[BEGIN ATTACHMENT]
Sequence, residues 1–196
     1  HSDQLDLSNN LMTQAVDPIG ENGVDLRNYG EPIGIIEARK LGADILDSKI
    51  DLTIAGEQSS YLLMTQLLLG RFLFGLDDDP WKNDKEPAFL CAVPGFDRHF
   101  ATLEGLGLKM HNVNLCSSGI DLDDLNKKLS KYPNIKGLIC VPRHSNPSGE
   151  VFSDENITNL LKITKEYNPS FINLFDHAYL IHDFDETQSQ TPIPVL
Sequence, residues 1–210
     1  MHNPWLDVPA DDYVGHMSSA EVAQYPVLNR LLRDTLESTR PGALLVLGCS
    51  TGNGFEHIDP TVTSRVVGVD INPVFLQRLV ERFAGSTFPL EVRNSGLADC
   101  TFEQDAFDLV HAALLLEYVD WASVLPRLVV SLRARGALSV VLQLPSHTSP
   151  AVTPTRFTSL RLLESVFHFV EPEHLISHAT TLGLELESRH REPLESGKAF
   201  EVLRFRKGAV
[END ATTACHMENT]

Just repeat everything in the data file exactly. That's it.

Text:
Sequence, residues 1–196
     1  HSDQLDLSNN LMTQAVDPIG ENGVDLRNYG EPIGIIEARK LGADILDSKI
    51  DLTIAGEQSS YLLMTQLLLG RFLFGLDDDP WKNDKEPAFL CAVPGFDRHF
   101  ATLEGLGLKM HNVNLCSSGI DLDDLNKKLS KYPNIKGLIC VPRHSNPSGE
   151  VFSDENITNL LKITKEYNPS FINLFDHAYL IHDFDETQSQ TPIPVL
Sequence, residues 1–210
     1  MHNPWLDVPA DDYVGHMSSA EVAQYPVLNR LLRDTLESTR PGALLVLGCS
    51  TGNGFEHIDP TVTSRVVGVD INPVFLQRLV ERFAGSTFPL EVRNSGLADC
   101  TFEQDAFDLV HAALLLEYVD WASVLPRLVV SLRARGALSV VLQLPSHTSP
   151  AVTPTRFTSL RLLESVFHFV EPEHLISHAT TLGLELESRH REPLESGKAF
   201  EVLRFRKGAV